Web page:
The First Freedom: Religion & the Bill of Rights

The First Freedom: Religion & the Bill of Rights

The First Freedom: Religion & the Bill of Rights

The First Freedom: Religion & the Bill of Rights

Excerpt

JAMES E. JR. WOOD

M ore than two hundred years ago, fifty-five delegates from twelve of the thirteen original states (Rhode Island abstained from participating) met in Philadelphia, 25 May-17 September 1787, and drafted a document that would become the Constitution of the United States. In a real sense, the Constitutional Convention of 1787 represented the founding of this nation and the establishment of its republican form of government.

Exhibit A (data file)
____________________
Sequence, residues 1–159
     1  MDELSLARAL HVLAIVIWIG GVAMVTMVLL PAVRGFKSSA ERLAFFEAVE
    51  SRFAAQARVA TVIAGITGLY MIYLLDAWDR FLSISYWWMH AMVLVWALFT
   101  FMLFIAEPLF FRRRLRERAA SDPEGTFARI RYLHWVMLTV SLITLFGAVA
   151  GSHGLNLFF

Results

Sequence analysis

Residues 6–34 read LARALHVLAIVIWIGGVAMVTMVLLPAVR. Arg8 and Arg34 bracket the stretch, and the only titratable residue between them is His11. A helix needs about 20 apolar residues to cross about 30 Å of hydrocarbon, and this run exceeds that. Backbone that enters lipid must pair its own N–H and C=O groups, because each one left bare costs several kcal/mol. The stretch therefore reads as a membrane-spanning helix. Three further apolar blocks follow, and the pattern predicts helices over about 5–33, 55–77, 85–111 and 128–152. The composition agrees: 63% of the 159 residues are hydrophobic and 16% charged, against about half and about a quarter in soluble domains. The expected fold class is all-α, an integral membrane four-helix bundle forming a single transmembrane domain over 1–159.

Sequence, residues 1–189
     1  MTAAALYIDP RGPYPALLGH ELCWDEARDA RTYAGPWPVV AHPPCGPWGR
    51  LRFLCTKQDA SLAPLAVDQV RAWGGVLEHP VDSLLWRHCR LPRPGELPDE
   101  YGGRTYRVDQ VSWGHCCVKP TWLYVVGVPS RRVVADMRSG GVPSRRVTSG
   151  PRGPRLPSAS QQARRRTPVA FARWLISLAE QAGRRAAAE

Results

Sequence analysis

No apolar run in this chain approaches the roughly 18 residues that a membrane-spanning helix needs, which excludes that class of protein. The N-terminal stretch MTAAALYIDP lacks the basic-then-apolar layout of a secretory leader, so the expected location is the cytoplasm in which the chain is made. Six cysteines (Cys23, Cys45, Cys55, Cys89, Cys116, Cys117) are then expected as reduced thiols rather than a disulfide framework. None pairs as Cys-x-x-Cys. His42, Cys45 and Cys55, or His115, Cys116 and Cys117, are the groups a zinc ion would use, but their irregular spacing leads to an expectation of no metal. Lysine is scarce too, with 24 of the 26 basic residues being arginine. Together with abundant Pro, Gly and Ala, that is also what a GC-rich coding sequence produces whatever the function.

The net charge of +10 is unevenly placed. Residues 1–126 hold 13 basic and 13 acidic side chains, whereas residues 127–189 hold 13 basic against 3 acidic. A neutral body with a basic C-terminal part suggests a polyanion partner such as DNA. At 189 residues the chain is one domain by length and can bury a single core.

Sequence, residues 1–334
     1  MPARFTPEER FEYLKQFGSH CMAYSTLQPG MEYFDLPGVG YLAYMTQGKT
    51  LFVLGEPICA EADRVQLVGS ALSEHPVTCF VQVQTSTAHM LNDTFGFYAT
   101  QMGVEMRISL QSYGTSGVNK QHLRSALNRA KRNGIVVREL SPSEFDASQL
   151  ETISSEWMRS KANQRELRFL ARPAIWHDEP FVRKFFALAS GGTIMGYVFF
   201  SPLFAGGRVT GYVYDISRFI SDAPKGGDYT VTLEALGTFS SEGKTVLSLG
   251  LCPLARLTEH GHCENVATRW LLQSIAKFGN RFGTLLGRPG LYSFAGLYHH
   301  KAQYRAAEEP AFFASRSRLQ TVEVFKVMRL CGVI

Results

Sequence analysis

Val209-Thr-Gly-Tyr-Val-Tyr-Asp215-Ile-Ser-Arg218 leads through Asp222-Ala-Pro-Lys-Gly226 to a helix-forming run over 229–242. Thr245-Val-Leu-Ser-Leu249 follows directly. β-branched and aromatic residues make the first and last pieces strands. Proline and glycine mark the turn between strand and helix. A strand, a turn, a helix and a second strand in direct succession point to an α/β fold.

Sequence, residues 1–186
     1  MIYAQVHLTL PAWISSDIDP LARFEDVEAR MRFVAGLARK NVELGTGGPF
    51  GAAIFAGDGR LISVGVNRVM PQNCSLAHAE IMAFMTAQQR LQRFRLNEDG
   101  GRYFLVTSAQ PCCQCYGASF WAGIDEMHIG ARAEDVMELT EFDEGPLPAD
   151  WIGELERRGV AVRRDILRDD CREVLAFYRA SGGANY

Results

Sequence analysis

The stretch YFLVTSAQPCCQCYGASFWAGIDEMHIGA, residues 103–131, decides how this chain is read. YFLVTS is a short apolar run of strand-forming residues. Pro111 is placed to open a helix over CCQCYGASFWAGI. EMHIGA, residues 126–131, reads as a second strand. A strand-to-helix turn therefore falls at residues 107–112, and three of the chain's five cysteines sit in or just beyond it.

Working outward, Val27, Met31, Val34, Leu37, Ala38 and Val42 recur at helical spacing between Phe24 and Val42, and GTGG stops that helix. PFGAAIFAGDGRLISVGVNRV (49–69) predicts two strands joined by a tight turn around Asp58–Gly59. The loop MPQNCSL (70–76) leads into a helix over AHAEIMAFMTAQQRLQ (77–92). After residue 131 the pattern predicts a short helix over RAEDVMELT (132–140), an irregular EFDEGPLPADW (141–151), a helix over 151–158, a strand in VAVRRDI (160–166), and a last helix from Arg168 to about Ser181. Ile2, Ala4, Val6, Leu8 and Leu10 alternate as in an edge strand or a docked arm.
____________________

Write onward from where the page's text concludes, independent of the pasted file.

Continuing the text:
Among the delegates twenty-six were college graduates; three were by profession college professors; two were college presidents; four had read law at the Inns of Court in London; twenty-eight had served in Congress and most of the others had served in state legislatures; and nine were foreign born. Five of the delegates were under thirty years of age; Alexander Hamilton was thirty and James Madison was barely thirty-six. Only four of the delegates were beyond sixty years of age. Benjamin Franklin at eighty-one was the oldest delegate by at least fifteen years.

The result of their efforts was a document that has become the oldest national constitution in the world and has been widely . . .

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